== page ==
Over half of Madrid’s starting lineup is on the wrong side of 30. Some of those players are in more forgiving positions. Keylor Navas isn’t going to suffer much at keeper for being 31. Sergio Ramos is 32 but still managing at center-back just fine. Cristiano Ronaldo is 33 and a striker, but he seems to have cracked the god code of immortality. He’s Ronaldo. You don’t prepare for him getting old, you deal with it after it happens. That still leaves a lot of other players whose performance is going to keep getting worse, not better.
Luka Modric is 32 and has to do a tremendous amount of midfield work to keep Madrid functioning right. His midfield partner Toni Kroos is 28 so he doesn’t make this list, but he’s also right at the cusp of flirting with the downside of his career. Benzema is 30. Marcelo who provides a tremendous amount of attacking creativity and thrust from his fullback spot is also 30. Gareth Bale isn’t a regular starter, but he’s going to turn 29 this summer (and he may not be around with Madrid much longer anyway).
Madrid’s collective age is a ticking time bomb. It didn’t quite go off this season, but whoever was trying to defuse it sure seemed like they cut the wrong wire and sped up that countdown clock. It’s easy to read this season’s third place finish, as well as their struggles against Juventus and Bayern Munich in the Champions League as warning signs. Age eventually comes for us all, and it’s coming for a bunch of Madrid players at the same time.
Ideally as players age there are already replacements ready to step in and take over. Very few of those exist at Madrid. Isco has come into his own as a playmaker and is already a superstar level contributor. But otherwise, the cupboard is fairly bare. Mateo Kovacic is the next midfielder up. He’s certainly been a capable backup over the years, but he plays differently to Kroos and Modric. He’s less of a pass first ball mover, his skills lie with bringing the ball forward at his feet. Should he step up and exert more influence at Madrid they’ll have to change how they play to accommodate him.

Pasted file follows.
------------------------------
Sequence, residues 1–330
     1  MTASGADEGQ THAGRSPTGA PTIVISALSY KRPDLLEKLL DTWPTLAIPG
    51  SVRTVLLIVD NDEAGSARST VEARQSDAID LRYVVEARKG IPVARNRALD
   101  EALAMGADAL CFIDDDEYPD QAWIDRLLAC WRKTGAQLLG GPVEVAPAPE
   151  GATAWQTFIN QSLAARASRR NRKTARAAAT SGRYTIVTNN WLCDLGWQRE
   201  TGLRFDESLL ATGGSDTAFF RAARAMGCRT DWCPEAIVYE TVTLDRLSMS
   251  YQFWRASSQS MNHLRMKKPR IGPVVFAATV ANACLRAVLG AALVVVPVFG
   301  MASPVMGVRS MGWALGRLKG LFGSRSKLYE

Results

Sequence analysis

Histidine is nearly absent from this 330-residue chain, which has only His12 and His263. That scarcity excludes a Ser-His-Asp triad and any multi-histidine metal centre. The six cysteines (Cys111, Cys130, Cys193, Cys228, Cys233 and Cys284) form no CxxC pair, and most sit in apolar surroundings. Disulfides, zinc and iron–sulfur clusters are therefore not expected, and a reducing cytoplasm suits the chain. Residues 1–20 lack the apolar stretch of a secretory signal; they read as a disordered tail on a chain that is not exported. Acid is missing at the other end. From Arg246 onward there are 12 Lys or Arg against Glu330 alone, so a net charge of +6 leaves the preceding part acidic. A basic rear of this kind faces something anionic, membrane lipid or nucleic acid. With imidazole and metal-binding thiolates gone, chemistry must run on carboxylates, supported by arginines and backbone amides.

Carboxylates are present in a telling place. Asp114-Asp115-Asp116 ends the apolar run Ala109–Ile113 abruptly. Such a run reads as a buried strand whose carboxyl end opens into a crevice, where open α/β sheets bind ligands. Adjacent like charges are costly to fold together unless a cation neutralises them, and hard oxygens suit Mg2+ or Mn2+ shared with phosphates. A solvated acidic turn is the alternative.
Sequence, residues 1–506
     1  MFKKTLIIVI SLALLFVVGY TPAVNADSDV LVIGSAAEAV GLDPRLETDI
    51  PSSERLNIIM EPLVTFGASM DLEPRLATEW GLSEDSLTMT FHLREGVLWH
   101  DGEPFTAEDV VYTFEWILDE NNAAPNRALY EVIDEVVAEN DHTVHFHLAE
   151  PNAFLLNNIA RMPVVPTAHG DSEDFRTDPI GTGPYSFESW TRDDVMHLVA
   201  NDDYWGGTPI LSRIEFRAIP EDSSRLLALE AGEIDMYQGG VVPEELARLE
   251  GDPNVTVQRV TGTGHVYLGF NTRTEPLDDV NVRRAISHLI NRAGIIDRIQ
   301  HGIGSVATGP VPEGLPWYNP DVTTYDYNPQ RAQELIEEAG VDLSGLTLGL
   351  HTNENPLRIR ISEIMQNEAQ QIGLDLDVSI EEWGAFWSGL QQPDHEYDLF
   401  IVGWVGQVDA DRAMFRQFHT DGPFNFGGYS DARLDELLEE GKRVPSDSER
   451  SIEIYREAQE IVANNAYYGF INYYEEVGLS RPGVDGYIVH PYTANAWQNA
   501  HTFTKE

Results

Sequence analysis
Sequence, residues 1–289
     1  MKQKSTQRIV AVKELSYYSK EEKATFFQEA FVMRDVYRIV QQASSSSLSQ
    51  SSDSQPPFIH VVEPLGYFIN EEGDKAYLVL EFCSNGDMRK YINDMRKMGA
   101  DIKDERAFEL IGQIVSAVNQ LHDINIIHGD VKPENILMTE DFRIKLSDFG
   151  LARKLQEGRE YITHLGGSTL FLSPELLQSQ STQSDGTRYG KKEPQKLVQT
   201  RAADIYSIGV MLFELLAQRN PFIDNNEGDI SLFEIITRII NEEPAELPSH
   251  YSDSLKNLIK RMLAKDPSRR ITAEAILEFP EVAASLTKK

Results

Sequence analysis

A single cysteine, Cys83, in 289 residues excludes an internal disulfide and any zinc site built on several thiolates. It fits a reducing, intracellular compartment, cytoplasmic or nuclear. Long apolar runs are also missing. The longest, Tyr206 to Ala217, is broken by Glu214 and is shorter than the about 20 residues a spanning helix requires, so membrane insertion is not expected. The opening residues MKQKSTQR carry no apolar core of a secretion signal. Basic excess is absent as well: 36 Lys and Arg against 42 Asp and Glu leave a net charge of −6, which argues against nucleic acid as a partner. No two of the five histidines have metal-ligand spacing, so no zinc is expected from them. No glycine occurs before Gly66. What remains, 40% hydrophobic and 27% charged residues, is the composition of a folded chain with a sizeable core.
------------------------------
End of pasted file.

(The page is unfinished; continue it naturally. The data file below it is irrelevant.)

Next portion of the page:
In the front line, Marco Asensio has been adequate. Asensio is young and still might develop further, but for now he seems like a slightly less comprehensively gifted Isco rather than a possible shot generating monster who can play across from Ronaldo and generate goal scoring opportunities for himself. Isco, Asensio, and to a certain degree Lucas Vazquez, are all well rounded attackers, but none take more than 2.75 shots per 90 and all average 0.30 xG per 90 or less. All of the younger attackers on Madrid were molded by playing a complementary role to the front three of Ronaldo, Bale and Benzema. Those who weren’t, like Alvaro Morata and James Rodriguez were shipped off (although Rodriguez is technically on a two year loan).
Whoever ends up taking over the reigns at Madrid will have to hope that the team is committed to restocking. They need attackers who get shots, midfielders that progress the ball and defenders who get away with attacking without conscience like Marcelo does. That means finding extremely talented players with the potential to be superstars who can play all over the place. In attack, midfield and defense, the team needs younger legs who can generate attack without having to sacrifice defensive commitment.
Zidane picked a smart time to hang it up. Not only did he accomplish everything he possibly could with this group, it’s probable that this group has peaked, and in order to keep winning things some drastic changes are going to have to come.
Images provided by the Press Association